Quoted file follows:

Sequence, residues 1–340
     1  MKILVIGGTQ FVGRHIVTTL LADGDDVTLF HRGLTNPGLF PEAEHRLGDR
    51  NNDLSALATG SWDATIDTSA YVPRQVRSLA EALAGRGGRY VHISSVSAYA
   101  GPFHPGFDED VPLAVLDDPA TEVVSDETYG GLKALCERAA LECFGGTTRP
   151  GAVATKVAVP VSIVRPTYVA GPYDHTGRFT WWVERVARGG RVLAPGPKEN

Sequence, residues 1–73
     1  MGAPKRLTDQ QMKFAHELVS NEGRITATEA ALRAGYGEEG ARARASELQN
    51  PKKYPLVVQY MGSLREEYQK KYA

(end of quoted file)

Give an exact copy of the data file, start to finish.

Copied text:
Sequence, residues 1–340
     1  MKILVIGGTQ FVGRHIVTTL LADGDDVTLF HRGLTNPGLF PEAEHRLGDR
    51  NNDLSALATG SWDATIDTSA YVPRQVRSLA EALAGRGGRY VHISSVSAYA
   101  GPFHPGFDED VPLAVLDDPA TEVVSDETYG GLKALCERAA LECFGGTTRP
   151  GAVATKVAVP VSIVRPTYVA GPYDHTGRFT WWVERVARGG RVLAPGPKEN

Sequence, residues 1–73
     1  MGAPKRLTDQ QMKFAHELVS NEGRITATEA ALRAGYGEEG ARARASELQN
    51  PKKYPLVVQY MGSLREEYQK KYA